8. How about (if we’re making a hit w/ 4 yr olds) the sound of a burp, flatulation, or a kiss?

  9. Matt,

    Ah, printer-friendly format! I originally intended to do that, but I forgot. It’s just a matter of creating a printer-friendly stylesheet, and then sticking it in the global header so it can be used anywhere on the site. I’ll try to get to that soon.

  10. Hey, reading those cartoons I saw that He Man is called Xī Màn (She Man) …hehe, sounds like a strange movie I was once subjected to

  11. Tim P. ,
    we use “o, o, o”(哦,哦,哦) to describe roosters’ noise.

  12. That’s wierd, how Transformers is 变形金刚。 Isn’t 金刚 King Kong? So Transformers are shape-changing King Kongs?! Or is King Kong really a Transformer who just can’t change shape?

    Dan

  13. May I add an onomatopeia? The clicking sound of a camera: ka cha (no, i don’t know how to write it in characters, although Wenlin suggests 喀嚓 for “snapping”).

    Great list anyway

    Simone

  14. 嘟嘟嘟 – the sound a sword makes when one’s true love is nearby. (嘟嘟 is used for “beep beep” “toot-toot” sounds in general.)

    For cartoons, there’s 铁臂阿童木 – Astro Boy

  15. Dan,
    Good question! Chinese ppl refer 金刚 to those who’re huge in shape, powerful in strenth and hurtless to body like Heracles.
    Transformers and King Kong both have these Characters, that’s why we call them 金刚.

  16. 金刚 is kind of archangel in Buddhism, which means “diamond” in Sanskrit, thus 金刚石, if I don’t mistake.

  17. No sorry, not sanskrit. “佛教称佛的仕从卫士,因手拿金刚仵(古印度兵器)而得名。现代汉语辞典,2000。” That’s it.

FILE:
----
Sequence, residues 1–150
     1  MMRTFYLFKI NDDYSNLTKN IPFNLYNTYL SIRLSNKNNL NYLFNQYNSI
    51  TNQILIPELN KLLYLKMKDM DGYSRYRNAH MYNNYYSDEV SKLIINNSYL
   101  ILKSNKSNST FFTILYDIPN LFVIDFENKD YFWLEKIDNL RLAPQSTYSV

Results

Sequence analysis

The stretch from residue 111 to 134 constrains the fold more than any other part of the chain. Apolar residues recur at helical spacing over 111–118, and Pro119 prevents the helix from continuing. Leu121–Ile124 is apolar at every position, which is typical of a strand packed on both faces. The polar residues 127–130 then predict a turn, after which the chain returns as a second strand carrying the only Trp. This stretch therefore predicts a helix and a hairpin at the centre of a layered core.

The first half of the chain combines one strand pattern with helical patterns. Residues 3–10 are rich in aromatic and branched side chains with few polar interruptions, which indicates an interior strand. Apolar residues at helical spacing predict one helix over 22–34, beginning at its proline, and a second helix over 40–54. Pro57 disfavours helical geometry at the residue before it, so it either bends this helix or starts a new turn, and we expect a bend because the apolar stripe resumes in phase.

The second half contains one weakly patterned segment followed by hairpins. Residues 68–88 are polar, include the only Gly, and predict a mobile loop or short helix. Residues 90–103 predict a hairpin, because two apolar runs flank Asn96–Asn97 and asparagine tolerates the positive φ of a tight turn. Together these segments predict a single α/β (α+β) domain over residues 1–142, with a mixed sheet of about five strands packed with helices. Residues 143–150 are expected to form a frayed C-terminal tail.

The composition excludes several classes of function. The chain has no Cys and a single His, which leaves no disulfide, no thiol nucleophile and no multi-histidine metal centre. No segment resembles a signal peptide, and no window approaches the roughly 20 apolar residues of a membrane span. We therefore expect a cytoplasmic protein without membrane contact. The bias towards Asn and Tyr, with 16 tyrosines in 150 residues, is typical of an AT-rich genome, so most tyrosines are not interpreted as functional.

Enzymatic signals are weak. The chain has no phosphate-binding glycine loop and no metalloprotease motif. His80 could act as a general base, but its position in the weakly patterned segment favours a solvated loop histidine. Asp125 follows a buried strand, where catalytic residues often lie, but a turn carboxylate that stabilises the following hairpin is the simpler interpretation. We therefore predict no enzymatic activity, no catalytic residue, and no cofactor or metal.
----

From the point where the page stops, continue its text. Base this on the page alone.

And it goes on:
18. The sound of bubbling water is pila-pulu or thereabouts – corrections welcome!

  19. Simone,

    That one’s in there as “咔嚓”. Look for “Sound of breaking or snapping”.

  20. zhwj,

    Ah, thanks. Leaving out 嘟嘟 is sort of a big oversight. Will add it, along with Astroboy.

  21. Lee,

    I have: Sound of trickling down – 噗噜噜 (pūlūlū). Different?

  22. proteal Says: March 4, 2006 at 5:37 am

    Great list, hard to find this kind of stuff. Is 嘎嘎 another duck quack?

  23. Incoherance Says: March 4, 2006 at 7:14 am

    He Man = Xi / She man?

  24. chengdude Says: March 4, 2006 at 9:44 am

    Hey, what’s with all the little squares interspersed among the Pinyin in the cartoon characters list? I’m viewing in UTF-8 and tried all the other encoding options, but no joy. The onomatopeia list is fine.

  25. You should make a list of all the weird sound noises Chinese girls make when texting, that’s some wierd shit.

    Another good list would be number replacemts for words in texts

    88 = baibai
    886 baibai, actually I don’t know what the 6 is…
    5555555 = crying

  26. chengdude,

    That’s very strange… those two pages are encoded the same way, so if you can view one, you should be able to view the other. The squares usually pop up when you don’t have the required font, but if you can view one page but not the other, then I can’t explain it…

  27. Alf,

    to my knowledge, the 6 in 886 is just for “le”, because liu sounds similar to le.

    Ba Ba Liu = Bye bye le.

  28. The Smurfs are 蓝精灵 I think. Gargamel is something like 咯咯巫。

  29. What about Sylvester?

    As a kid I always rooted for him, and booed his evil nemesis Tweety. And I am not even from the States.

    Don’t they air them in China?

  30. I was just looking at your lists and noticed that at least one more was missing, 嗖 (sou1) is the swish sound an arrow makes. My Chinese isn’t great yet but I’m trying to read a book that Chinese kids use called “成语故事” that’s part of a collection by 上海科学普及出版社. If anyone was wondering the chengyu was 百发百中 which is pretty useless (I think) unless you’re talking about having good aim…. maybe for those that like to play counter-strike?

  31. shouldn’t the “TMNT” just be the “他妈的” Ninja Turtles?